• Charitable donations: C-corporations are the only type of business entity that can deduct 100% of charitable contributions. The donations can't exceed 10% of the business's total income.

  • Easier to raise money: It’s easier to raise money for your business if it’s a C-corp because C-corps can issue multiple classes of stock to an unlimited number of shareholders. Plus, investors face no liability for the corporation’s mistakes. Other businesses can own C-corps outright, which might be a better fit for companies looking to be acquired.

  • No shareholder limit: C-corps can have as many shareholders as they want. Also, C-corps can have foreign (nonresident alien) shareholders, making it an ideal business entity for any company that intends to deal overseas.

Disadvantages of an S-corp

  • Harder to form: You have to file Form 2553 with the IRS and possibly additional state paperwork to elect S-corp status. You also have to make sure you stay within any restrictions (e.g. such as the 100 shareholders limit) to maintain S-corp status and avoid penalties.

  • Limited ownership: S-corps cap the number of shareholders they can take on—up to 100 shareholders. Plus, shareholders have to be legal residents of the United States. This poses a problem for high-growth businesses or businesses looking to conduct business affairs internationally.

  • Limited stock flexibility: S-corps prevent issuing preferred stock and different classes of stock, which can make it harder to raise money from investors and incentivize early owners.

  • Tax qualifications: In general, S-corps tend to get more IRS scrutiny. If you make a mistake (like going over 100 shares or missing a filing deadline), the IRS can terminate your S-corp status—and you’ll be taxed as a C-corp.

Disadvantages of a C-Corp

  • Double taxation: C-corps might pay more in taxes due to double taxation. The company’s revenue is taxed at the corporate level and then again at the personal level if it’s distributed as dividends.

  • No personal write-offs: Owners can’t write off business losses on their personal income taxes.

If you're unsure of what's best for your business—and what the further implications of any entity type might entail—it might be useful to consult a business attorney or online legal service to help you make the right decision.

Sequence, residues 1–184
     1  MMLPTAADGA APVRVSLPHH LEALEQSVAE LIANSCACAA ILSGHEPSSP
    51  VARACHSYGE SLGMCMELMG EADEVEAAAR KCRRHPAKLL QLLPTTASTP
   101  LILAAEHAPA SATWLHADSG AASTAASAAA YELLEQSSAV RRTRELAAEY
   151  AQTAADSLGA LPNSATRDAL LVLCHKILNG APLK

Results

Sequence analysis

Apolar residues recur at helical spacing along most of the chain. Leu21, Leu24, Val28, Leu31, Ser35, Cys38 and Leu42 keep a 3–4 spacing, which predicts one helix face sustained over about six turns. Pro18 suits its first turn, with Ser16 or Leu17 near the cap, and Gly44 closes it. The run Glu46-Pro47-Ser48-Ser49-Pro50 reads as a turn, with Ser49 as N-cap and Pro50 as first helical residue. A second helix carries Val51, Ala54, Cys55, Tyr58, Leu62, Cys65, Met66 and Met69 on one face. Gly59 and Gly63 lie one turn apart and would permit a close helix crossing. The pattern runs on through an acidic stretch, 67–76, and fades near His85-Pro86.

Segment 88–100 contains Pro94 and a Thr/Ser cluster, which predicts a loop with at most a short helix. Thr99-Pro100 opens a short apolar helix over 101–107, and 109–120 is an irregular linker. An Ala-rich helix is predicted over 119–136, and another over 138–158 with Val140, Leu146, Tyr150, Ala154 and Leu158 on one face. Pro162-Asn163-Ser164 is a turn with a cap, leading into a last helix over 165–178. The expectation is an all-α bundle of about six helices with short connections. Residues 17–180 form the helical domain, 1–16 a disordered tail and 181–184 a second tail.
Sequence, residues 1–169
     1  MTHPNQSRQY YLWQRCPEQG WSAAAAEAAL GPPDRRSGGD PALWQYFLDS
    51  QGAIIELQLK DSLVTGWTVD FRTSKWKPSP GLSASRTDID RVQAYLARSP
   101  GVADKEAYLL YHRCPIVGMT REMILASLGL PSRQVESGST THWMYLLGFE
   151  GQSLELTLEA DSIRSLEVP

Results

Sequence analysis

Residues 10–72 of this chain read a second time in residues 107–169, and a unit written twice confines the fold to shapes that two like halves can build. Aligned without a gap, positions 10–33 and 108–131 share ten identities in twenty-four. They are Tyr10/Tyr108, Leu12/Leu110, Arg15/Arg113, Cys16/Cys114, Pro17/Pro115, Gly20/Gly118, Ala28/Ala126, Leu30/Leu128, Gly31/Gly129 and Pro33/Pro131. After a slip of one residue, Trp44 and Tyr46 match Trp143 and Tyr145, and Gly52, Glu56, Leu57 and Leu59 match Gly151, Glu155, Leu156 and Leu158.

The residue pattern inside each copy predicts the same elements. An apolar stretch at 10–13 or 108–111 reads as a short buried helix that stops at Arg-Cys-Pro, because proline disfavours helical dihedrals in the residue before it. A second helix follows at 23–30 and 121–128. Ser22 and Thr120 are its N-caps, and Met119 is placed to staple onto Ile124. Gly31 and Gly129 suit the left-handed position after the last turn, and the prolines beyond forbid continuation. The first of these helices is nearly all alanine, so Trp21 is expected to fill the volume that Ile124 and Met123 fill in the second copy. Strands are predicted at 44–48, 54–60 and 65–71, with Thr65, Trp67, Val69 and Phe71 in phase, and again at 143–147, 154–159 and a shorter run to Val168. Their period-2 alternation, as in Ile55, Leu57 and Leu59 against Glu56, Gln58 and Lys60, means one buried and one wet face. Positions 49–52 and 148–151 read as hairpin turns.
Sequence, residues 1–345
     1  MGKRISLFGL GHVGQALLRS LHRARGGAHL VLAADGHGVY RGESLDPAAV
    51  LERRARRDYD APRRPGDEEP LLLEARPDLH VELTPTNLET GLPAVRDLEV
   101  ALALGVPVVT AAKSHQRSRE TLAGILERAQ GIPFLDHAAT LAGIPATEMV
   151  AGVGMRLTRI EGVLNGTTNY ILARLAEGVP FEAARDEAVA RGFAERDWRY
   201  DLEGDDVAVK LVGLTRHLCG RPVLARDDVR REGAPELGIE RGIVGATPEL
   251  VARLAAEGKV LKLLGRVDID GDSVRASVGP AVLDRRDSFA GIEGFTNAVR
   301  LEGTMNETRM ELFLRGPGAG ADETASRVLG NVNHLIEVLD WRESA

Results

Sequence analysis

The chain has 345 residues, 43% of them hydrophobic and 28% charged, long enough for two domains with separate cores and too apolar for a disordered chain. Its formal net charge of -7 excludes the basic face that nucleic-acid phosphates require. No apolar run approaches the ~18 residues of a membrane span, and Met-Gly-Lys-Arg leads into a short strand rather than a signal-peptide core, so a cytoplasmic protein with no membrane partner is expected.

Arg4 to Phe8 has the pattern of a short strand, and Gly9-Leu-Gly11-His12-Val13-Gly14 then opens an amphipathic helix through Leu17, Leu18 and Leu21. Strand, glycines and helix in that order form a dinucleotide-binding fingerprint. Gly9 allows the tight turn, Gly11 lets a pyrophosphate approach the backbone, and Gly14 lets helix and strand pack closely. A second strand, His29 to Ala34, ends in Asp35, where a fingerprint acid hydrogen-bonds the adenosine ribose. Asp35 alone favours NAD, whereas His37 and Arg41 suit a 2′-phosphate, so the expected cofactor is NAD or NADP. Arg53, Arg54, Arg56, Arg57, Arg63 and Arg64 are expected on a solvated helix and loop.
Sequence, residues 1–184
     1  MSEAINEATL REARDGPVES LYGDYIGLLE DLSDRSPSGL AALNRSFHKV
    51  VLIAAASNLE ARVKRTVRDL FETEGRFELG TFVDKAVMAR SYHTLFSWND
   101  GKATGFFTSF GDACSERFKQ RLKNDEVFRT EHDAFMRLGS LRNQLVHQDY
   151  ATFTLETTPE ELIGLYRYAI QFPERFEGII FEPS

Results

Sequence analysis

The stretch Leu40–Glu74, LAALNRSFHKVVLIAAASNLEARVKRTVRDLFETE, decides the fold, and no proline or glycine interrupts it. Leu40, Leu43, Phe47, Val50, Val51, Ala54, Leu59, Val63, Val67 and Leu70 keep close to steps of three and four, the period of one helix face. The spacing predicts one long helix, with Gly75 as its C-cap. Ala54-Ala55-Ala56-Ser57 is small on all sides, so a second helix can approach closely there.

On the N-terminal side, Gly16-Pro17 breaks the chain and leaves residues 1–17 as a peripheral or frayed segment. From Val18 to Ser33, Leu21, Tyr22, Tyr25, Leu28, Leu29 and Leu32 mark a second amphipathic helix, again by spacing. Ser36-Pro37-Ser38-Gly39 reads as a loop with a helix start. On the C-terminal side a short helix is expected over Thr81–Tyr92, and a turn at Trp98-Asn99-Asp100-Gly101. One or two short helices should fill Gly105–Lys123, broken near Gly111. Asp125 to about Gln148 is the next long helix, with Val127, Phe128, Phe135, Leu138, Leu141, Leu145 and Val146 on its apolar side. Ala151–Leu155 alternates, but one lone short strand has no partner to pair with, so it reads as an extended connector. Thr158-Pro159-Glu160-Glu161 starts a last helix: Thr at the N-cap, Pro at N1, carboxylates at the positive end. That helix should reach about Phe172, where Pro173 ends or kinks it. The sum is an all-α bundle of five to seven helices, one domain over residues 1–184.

How to set up your business as an S-corp or C-corp

Ultimately, the steps vary a bit depending on what state your business operates in. In most cases, you'll begin by choosing a name for your business and filing articles of incorporation. You'll also have to draft corporate bylaws, hold your first board of directors meeting and issue stock certificates to your shareholders.

Online legal services such as LegalZoom and IncFile make it fast and easy to file incorporation documents if you're doing things yourself. But ideally, you should hire a lawyer to help you set up your corporation.

How to elect S-corporation status

As we've mentioned, becoming an S-corp takes one more step after setting up a C-corp. New businesses should file Form 2553 with the IRS within 75 days of the company's formation date. If you're an existing business that has switched over to S-corp status, then you should file your form no later than March 21.

IRS. . Accessed Sep 7, 2022.

Some states also require you to file additional paperwork to elect S-corp status.

Once you elect S-corp status, it's certainly possible to go back to a C-corp. However, doing so can have important tax consequences, so make sure to consult your accountant or a tax attorney first.

The bottom line

Now that you know the differences between an S-corp vs. C-corp, plus their advantages and disadvantages, you’re well equipped to make a smart choice for your business. S-corps allow many small businesses to save money on taxes, but C-corps give you more options to expand and raise money.

This being said, before finally settling on a S-corp or C-corp structure, you may also want to consider other types of business entities. In particular, LLCs are a very small business-friendly type of ownership structure. LLCs offer limited liability and less burdensome paperwork and regulatory requirements than corporations.

The way you structure your business is a big decision and has big implications for your business’s future. If you don’t feel sure about choosing your business entity or correctly structuring your company, consider talking to a small business lawyer or accountant.

ZenBusiness: Fast & Simple S-Corp Formation

Get started for as low as $49

ZenBusiness
Start now

on ZenBusiness' website

This article originally appeared on Fundera, a subsidiary of NerdWallet.